In March, Detroit’s Rock Ventures presented a vision for a revitalized urban core built around public spaces, while the city’s elected officials conceded to the state’s appointment of an emergency financial manager.
Rock Ventures chairman Dan Gilbert proposed the plan alongside the Downtown Detroit Partnership and the Detroit Economic Growth Corporation. Gilbert carries considerable clout in the local real estate market, where his companies own more than 3 million square feet of commercial space. Rock Ventures has spent nearly $1 billion buying downtown property since 2010.
The plan envisions a place that is “dense, lively, and attractive for people from the entire region and beyond,” built around three major public spaces and the recently approved M-1 streetcar. It touts “the power of 10,” the idea that 10 great locations—each with 10 destinations, each with 10 things to do—comprise a great downtown and can spur further development through economic multiplier effects.
Urban consulting firms Project for Public Spaces, Shook Kelly, Gibbs Planning Group, and Terremark Partners contributed to the seven-month research process that included workshops with community development groups. The plan focuses in on the area of downtown from the Detroit River to Grand Circus Park, calling out six districts that could catalyze development and sustain downtown culture: Campus Martius/Cadillac Square, Capitol Park, Woodward Avenue, Lower Woodward, Library District, and Grand Circus Park.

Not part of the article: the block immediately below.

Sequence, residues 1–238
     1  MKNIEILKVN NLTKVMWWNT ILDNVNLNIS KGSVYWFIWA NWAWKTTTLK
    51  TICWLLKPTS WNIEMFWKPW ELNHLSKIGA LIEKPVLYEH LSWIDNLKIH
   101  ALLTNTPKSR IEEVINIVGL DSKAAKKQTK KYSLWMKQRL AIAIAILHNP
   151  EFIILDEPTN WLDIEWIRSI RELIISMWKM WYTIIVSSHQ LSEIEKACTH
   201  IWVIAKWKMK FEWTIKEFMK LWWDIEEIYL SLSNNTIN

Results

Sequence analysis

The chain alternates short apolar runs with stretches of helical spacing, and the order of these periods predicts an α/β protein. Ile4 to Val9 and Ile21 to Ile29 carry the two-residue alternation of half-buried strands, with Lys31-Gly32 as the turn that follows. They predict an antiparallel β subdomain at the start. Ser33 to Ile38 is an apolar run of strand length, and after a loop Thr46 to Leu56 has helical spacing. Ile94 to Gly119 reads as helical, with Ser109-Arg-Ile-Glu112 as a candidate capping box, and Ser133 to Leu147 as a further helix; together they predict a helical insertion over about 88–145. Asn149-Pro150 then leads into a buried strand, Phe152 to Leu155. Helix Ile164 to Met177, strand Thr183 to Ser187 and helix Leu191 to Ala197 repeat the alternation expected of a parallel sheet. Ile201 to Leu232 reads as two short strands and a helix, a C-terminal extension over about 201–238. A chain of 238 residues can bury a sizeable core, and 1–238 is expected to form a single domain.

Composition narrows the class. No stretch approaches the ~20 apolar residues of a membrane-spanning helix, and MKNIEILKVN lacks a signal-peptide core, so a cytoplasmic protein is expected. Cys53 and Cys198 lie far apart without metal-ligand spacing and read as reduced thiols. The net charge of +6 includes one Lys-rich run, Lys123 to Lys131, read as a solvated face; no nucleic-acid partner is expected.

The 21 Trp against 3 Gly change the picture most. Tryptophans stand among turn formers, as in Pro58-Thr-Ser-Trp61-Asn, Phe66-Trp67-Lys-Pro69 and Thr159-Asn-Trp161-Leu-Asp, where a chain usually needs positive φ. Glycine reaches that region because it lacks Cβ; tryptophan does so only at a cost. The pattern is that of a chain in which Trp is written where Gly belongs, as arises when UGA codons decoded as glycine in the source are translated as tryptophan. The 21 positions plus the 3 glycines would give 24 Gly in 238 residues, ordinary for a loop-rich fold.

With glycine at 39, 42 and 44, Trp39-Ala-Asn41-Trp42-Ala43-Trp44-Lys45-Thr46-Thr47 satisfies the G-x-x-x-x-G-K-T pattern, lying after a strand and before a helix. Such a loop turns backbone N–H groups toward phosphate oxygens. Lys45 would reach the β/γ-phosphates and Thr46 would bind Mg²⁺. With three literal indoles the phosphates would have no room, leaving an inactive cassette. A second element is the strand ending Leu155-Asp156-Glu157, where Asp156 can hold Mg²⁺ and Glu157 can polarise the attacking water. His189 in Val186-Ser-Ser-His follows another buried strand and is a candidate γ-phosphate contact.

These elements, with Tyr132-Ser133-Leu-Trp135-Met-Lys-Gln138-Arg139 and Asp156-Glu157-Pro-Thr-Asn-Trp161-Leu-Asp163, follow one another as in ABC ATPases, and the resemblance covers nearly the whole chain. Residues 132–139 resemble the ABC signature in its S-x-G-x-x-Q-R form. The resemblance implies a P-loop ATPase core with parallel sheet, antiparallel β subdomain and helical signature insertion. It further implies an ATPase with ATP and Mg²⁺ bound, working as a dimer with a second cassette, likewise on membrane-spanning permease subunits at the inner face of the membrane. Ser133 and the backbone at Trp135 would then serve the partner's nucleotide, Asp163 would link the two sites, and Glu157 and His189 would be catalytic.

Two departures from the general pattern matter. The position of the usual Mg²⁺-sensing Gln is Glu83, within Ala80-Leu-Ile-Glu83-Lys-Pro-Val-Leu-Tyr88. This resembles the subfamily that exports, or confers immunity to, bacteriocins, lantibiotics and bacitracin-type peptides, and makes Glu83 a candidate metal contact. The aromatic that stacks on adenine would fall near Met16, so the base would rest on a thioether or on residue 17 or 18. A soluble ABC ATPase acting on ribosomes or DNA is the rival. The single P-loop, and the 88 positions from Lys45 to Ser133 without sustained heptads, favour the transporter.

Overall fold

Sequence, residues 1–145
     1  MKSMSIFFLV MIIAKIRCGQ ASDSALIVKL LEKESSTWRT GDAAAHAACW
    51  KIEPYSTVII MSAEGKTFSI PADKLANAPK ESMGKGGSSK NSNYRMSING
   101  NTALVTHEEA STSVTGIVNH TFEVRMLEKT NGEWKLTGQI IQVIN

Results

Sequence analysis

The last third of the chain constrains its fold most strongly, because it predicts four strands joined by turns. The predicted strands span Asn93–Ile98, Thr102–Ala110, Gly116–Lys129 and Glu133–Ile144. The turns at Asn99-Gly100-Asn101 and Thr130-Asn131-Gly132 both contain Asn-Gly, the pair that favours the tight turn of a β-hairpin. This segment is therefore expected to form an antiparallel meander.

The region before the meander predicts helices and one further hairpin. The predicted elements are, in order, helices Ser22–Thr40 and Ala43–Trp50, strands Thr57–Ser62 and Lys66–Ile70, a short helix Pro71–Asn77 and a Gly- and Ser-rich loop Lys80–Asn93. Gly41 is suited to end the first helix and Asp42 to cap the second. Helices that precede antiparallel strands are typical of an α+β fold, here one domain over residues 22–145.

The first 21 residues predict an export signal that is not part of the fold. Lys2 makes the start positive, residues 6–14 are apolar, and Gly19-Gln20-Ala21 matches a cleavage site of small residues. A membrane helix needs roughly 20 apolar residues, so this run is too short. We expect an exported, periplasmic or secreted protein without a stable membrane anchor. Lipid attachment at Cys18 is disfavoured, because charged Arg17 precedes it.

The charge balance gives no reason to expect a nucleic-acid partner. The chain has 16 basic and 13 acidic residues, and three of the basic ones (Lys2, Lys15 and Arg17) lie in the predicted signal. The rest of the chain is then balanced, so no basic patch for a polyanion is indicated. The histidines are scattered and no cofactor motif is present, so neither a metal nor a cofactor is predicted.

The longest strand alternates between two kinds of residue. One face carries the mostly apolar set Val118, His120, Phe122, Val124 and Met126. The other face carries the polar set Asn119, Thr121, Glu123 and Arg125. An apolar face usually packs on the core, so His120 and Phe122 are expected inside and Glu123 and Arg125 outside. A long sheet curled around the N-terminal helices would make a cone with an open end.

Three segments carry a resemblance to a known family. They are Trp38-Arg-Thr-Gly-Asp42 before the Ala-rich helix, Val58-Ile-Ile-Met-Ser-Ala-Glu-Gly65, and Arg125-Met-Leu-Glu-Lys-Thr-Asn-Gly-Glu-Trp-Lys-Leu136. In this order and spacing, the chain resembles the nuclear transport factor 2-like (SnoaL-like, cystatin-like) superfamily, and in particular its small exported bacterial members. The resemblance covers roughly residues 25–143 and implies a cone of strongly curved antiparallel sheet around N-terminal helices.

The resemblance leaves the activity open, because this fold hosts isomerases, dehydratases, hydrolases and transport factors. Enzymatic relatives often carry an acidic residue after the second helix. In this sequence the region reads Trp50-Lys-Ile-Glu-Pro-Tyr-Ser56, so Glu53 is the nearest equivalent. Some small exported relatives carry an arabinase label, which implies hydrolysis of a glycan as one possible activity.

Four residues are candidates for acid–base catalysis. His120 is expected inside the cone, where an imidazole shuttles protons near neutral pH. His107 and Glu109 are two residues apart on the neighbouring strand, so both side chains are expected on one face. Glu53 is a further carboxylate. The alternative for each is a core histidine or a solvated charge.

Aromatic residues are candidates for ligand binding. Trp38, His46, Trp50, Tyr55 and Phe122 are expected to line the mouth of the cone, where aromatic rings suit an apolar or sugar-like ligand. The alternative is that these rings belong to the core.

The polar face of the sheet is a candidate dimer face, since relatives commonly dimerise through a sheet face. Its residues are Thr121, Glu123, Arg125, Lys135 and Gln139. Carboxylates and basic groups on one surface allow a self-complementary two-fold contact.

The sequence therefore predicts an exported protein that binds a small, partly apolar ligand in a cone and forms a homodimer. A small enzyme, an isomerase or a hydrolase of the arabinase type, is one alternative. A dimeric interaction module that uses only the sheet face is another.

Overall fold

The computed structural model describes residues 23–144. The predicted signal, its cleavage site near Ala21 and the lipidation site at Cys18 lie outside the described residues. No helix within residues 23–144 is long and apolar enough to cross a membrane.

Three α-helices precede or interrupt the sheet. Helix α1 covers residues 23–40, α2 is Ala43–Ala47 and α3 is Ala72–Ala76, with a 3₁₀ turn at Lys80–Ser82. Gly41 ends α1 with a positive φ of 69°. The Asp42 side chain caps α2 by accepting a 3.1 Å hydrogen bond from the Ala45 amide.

Gilbert revealed some plans involving his recent acquisitions, such as the 1001 Woodward building. He held up as an example plans to open the ground floor to foot traffic and pedestrian interaction. The area around Camp Martius, for example, is listed in the report as a prime site to create such “gathering places” that could link together emerging retail development.
The long-term vision expands on that idea, calling for reduced roadways, with more street plantings and wayfinding leading to a pedestrian-friendly Market Square. The group Opportunity Detroit also made an open call to architects and designers to present ideas for the former Hudson’s department store site.
It is an understatement to say Detroit has changed dramatically since its 1951 Master Plan. But efforts by Gilbert and others have begun to move the needle on downtown redevelopment, and their intention is to have an immediate impact. Improvements to some downtown streets and parks will begin this summer, along with construction on the M-1 rail line.